Applause filled the Alaska House chambers.
Seated in her wheelchair near the back of the room, 51-year-old Susan Macaulay was recognized by state Rep. Justin Parish, D-Juneau, who requested a guest introduction prior to the start of a floor session.
After nearly 30 years of having a disability, thanks to the Disabled Winter Sports Clinic, the Air Force veteran still takes to the ski slopes.
“It’s really important to realize that just because you’re using a wheelchair, doesn’t mean you’re a nobody. You’re not dead,” Macaulay said.
A longtime Juneau resident, Macaulay has skied at the DVWSC in Colorado 14 of the last 15 years. She’s headed there again this month for her 15th visit.
“Start saving a little money now,” Macaulay advised, saying every disabled veteran in Alaska should check out the clinic in Snowmass Village, Colorado.
Downhill skiing is the primary sport at the clinic.
“I tried skiing standing up the first year and that was really sad, I hated it,” Macaulay said.
Now, she skis on a sit-ski with an instructor behind her holding tethers that guide her down the hill.
The clinic has been incredibly helpful in her own journey, she said. It all started when a national disabilities organization donated money for Macaulay to attend years ago.
“That really meant a lot because with the brain injury that I have, I didn’t think people did anything for me,” she said in an interview with the Empire after the floor session March 8. “I didn’t think I deserved anything and so this was real mental, self-esteem builder.”
Macaulay was stationed for just eight months on an Air Force base in Germany as an avionics navigation systems specialist when she was in a car accident and suffered critical brain damage. She used a walker for the next 17 or 18 years of her life and has since transitioned to using a wheelchair.
“I relearned life,” she said. “I relearned how to eat, how to talk, how to add — everything.”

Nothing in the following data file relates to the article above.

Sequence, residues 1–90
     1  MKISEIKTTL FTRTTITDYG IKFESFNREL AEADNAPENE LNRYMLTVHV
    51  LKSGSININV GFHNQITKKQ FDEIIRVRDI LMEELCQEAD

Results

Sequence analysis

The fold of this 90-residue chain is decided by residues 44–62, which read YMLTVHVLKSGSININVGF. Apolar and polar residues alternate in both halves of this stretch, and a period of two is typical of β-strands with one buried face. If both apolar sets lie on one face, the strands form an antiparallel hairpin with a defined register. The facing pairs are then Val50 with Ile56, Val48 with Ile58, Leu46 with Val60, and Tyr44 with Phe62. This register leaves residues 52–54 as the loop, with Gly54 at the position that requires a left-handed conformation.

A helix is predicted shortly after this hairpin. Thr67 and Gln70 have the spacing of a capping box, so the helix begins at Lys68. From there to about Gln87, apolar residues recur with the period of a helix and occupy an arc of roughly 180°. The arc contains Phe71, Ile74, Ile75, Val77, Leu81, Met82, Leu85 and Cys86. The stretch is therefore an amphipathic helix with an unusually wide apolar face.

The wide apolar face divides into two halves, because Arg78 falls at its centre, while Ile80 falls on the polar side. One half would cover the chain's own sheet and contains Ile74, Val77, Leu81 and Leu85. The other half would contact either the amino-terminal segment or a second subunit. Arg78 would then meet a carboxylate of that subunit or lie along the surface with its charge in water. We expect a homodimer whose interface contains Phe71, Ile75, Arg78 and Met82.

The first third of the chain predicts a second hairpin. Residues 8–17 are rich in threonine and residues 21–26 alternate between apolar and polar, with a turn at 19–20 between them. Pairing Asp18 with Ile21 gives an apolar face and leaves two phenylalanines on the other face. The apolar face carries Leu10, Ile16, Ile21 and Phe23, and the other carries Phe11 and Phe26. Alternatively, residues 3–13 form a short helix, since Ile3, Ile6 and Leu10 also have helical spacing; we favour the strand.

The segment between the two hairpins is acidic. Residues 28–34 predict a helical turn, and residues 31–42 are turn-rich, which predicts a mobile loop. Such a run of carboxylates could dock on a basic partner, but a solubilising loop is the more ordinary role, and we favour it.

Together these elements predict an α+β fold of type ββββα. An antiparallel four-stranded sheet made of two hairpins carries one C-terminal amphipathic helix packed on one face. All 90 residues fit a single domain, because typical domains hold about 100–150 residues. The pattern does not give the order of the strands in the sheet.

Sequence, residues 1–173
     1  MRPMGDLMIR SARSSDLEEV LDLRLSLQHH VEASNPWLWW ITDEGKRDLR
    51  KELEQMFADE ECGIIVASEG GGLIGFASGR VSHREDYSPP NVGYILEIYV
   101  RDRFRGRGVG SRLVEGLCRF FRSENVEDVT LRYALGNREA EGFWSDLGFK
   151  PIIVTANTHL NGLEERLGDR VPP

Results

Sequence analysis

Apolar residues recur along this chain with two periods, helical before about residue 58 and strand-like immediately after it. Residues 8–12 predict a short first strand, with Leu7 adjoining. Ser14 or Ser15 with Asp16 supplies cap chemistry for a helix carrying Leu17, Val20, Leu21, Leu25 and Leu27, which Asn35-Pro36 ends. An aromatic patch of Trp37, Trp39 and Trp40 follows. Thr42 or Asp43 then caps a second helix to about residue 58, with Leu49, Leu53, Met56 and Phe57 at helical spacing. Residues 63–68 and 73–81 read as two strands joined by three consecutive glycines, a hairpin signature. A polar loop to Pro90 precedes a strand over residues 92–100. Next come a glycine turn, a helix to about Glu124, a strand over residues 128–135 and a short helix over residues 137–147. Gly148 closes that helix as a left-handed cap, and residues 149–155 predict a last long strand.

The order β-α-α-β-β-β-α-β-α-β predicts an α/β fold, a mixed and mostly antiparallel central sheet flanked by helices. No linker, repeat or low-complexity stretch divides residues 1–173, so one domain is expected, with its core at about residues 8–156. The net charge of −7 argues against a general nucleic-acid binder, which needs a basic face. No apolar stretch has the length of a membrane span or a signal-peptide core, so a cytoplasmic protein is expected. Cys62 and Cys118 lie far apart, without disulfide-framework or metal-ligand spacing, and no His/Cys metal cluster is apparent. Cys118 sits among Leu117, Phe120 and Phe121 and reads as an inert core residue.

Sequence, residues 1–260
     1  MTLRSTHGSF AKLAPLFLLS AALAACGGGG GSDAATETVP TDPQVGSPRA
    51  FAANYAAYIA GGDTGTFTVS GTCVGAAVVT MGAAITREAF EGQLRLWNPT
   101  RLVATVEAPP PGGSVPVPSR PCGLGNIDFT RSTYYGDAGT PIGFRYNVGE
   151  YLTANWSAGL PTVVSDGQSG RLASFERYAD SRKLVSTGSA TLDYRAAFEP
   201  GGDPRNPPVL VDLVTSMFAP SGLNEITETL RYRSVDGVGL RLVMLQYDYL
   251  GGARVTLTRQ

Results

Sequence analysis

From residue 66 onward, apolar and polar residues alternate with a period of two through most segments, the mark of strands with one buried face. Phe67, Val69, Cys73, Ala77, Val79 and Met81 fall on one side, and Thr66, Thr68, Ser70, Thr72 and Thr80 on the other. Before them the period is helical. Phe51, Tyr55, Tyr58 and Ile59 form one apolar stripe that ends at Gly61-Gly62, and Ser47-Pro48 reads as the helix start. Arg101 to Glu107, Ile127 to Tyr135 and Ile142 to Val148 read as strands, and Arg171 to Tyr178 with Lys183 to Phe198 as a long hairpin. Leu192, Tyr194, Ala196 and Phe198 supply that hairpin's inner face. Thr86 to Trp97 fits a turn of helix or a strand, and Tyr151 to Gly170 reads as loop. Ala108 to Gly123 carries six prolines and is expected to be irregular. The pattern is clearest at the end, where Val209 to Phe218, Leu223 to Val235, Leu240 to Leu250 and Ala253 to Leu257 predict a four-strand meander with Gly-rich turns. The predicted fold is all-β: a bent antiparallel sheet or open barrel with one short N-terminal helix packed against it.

Today, Macaulay volunteers at Riverbend Elementary School, checking in books at the library and assisting in a fourth-grade class.
She said she hopes to see more disabled Alaskans traveling to the sports clinic to participate. Only two people from Alaska are going this year.
“What I’m hoping to do today is inform other veterans returning from Iraq or Iran, just any disabled veteran … that they have a chance to go to the National Disabled Winter Sports Clinic next year,” Macaulay said.
Parish said in an interview that he wanted to highlight the clinic in the Alaska Legislature.
“Like Susan, a lot of veterans have made great sacrifices for our country and it’s profoundly heartening for me to see one of our local veterans benefiting from a national program,” Parish said. “Susan is not only someone to whom we all owe a debt of gratitude, but she’s someone who’s shown a way for veterans to lead more fulfilling lives in the face of disabilities.”
Jamie Bursell, a good friend of Macaulay who went with her to the Alaska State Capitol, introduced her to Parish after the two happened to share a table at February’s Women of Distinction dinner. Bursell is also going with Macaulay to the Colorado clinic this year. It’ll be Bursell’s second time going.
“I can hardly wait,” she said.
Hundreds of people across the country attend the Disabled Veterans Winter Sports Clinic each year. This year’s event is March 26-31. Ski instruction, equipment, lift tickets and meals are free for those with qualifying disabilities. Most participants also recruit business sponsors to help pay for airfare and lodging.
Applications are due months in advance, but Susan said after your first winter sports clinic, you’ll hardly be able to wait to go again.
“I look forward to the next year when I get home every year in April,” Macaulay said.
Correction: An earlier version of this article incorrectly spelled the subject’s name Susan Macauley. Her name is spelled Susan Macaulay. This article has been updated to reflect the change. The Empire regrets the error.
• Contact sports reporter Nolin Ainsworth at 523-2272 or email@example.com.